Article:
Book Review: Constantine – Volume 1: The Spark and The Flame by Ray Fawkes, Jeff Lemire, Renato Guedes, and Marcelo Maiolo

Image Description: Constantine (a blonde man in dress-pants, tie, and detective-style jacket) thursting a bright robin’s egg flame forward towards the reader. The flame in his hand is blue pentacostal star with a circle around it.  

Title: Constantine, Volume 1: The Spark and the Flame
Creators: Ray Fawkes (writer), Jeff Lemire (writer), Renato Guedes (artist), and Marcelo Maiolo (colourist)
Social Media: Goodreads
Publisher: DC Comics
Format and Price: Paperback from my local library
Stars: 3 stars out of 5

About The Creators:
Links provided above.

About The Book:
The star of Justice League Dark and Hellblazer–the longest-running Vertigo series–is unleashed in his own DCU title! Liar, cheater, manipulator…John Constantine is all of these, and yet he uses these skills and more to protect the world from the darkest corners of the DC Universe. Collecting: Constantine 1-6

General Observation:
~Adding To The TBR Pile: I’m supposed to be completing books on my already established TBR pile, instead, I find myself adding to it. In my defence, I’ve had the Hellblazer series (and Hellboy series) on my “I’ll get around to reading that” list for a while now, so it was only a matter of time before Constantine showed up on my blog.

~Sliding Scale of Plot versus Character: This comic sits further along on the Plot end of the scale, however, the Plot and Character elements are well balanced in this graphic novel. There’s enough space between events for the characters and the reader to take stock. There are panels of actual self-reflection between the intense action scenes and the puzzle-pieces of information scattered here and there.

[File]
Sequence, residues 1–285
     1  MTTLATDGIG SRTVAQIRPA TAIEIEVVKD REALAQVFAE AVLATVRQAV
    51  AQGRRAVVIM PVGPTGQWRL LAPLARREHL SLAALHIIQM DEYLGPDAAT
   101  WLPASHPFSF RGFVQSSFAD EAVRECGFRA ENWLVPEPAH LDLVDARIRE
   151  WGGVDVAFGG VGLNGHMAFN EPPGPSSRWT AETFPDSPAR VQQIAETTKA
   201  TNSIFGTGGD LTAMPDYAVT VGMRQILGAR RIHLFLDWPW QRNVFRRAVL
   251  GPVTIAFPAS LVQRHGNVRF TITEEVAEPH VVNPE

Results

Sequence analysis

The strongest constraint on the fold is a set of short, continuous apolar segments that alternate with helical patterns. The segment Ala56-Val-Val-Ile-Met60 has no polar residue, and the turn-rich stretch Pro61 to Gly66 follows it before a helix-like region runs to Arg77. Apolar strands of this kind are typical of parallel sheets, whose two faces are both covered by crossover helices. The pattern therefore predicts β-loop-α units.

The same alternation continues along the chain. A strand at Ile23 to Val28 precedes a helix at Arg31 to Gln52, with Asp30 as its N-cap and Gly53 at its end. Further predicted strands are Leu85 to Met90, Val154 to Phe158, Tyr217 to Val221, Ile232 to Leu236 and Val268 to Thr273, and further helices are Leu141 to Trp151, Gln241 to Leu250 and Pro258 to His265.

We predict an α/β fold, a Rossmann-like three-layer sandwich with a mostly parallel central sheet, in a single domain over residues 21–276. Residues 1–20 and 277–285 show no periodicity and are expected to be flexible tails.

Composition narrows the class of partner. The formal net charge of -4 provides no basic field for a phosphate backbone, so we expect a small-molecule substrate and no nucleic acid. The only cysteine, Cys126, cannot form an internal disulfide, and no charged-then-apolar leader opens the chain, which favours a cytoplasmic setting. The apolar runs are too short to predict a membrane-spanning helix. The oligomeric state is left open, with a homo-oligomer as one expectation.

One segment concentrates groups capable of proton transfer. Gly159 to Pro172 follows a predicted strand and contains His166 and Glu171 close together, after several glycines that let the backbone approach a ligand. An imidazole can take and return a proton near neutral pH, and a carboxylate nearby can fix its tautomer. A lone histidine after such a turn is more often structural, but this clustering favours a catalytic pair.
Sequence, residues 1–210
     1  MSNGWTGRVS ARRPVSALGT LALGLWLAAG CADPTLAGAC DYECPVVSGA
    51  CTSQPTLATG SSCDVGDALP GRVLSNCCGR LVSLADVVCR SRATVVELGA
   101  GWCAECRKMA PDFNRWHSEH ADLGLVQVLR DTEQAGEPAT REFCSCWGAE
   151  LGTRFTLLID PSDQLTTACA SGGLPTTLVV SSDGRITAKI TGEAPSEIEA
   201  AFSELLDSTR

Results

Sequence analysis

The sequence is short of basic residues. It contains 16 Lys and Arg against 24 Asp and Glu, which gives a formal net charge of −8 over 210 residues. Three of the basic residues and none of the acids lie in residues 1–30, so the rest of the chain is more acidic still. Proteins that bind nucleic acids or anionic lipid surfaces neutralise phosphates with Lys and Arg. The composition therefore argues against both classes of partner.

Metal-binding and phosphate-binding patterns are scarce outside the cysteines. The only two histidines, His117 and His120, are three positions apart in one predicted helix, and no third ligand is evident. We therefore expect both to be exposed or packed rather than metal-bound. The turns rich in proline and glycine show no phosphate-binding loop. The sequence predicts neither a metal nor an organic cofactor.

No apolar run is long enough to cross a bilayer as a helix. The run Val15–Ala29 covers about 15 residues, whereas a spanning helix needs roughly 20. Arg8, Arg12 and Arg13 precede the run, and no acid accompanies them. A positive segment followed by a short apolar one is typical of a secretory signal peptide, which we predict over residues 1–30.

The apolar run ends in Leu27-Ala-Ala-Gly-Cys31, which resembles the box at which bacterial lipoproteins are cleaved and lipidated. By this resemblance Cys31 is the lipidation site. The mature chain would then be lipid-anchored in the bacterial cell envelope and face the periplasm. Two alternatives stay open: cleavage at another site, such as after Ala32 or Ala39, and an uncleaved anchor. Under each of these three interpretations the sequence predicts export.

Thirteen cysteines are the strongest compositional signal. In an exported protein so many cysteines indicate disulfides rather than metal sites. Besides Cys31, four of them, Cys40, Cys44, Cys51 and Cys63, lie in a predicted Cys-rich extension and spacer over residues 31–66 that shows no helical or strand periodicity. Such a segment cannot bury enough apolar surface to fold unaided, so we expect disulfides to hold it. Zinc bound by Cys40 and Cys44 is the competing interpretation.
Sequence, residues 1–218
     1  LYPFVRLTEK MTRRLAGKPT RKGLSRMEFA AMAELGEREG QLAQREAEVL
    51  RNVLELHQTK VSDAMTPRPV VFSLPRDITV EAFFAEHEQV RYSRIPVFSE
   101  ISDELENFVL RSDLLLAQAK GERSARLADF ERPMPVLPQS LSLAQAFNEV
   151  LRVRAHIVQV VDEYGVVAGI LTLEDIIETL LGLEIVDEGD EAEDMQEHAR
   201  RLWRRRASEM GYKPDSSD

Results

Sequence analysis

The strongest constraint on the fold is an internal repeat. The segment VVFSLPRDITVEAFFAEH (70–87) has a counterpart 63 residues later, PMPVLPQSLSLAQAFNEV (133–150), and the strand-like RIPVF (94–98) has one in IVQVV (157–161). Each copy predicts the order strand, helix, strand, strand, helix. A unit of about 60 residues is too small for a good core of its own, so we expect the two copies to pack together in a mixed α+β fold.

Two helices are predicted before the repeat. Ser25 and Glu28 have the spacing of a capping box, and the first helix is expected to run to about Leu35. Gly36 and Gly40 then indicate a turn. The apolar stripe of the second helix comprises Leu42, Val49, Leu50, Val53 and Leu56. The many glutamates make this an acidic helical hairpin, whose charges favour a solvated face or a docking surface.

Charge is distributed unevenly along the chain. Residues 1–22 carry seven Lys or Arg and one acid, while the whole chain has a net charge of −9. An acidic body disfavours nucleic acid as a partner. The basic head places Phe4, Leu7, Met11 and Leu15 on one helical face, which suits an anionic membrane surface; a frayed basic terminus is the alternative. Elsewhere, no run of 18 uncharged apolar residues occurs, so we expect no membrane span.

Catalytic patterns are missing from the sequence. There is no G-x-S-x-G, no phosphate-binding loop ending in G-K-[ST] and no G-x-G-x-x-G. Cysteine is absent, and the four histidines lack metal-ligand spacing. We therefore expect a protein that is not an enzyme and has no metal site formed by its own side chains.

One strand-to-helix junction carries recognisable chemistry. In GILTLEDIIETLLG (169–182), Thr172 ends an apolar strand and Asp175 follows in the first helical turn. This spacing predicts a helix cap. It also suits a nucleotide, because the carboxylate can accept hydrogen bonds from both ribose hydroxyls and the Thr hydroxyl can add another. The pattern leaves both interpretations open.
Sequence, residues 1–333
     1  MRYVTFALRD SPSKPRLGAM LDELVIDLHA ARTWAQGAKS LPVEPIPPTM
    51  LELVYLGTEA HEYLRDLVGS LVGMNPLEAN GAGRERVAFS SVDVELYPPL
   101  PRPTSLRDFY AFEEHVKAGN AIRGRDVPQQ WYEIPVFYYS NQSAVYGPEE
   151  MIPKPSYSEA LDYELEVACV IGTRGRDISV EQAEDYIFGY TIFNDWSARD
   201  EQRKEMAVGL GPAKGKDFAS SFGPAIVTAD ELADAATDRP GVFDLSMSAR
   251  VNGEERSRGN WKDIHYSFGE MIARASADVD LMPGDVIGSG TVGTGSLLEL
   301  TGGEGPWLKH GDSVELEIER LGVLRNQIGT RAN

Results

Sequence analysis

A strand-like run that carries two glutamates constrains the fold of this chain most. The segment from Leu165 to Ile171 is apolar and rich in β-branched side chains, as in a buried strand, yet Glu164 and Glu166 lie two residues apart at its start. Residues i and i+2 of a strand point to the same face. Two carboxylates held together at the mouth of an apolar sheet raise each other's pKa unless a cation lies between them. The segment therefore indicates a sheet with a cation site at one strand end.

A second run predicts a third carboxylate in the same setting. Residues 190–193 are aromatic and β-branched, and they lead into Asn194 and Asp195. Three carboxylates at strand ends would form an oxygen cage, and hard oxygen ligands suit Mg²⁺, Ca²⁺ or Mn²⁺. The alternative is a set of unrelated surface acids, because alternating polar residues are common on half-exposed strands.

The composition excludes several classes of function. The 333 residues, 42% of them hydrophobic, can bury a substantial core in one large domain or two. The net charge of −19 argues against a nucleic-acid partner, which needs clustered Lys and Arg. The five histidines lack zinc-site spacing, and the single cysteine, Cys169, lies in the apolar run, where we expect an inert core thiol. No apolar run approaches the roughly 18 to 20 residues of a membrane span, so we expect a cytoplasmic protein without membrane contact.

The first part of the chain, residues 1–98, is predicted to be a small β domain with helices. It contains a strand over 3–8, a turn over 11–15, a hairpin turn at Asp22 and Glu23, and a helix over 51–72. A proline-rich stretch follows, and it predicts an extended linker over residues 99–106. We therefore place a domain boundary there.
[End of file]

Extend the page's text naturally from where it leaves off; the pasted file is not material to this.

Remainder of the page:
~Drawing style: The aspect that prevented me from giving this five stars out of five is the drawing style chosen for this series. Mostly concerning the odd choice of facial angles. I’ll give some examples: one of the big ones being Constantine’s face, it’s never shown from the same angle, which results in a series of odd aesthetic choices.

Such as when there’s a single-page spread showing Constantine’s private basement sanctuary. In this scene, Constantine is accompanied by Chris, and the basement is a fascinating room, however, the reader is seeing the back of Chris and Constantine’s heads for some reason? I haven’t read enough DC Comics to know if this is a DC thing or an artist thing.

All in all, an interesting paranormal comic that explores the gritty and darker possibilities of magic within the DC Comics universe. I’m eager to get my hands on the next volume.

Available for puchase: Amazon | Book Depository

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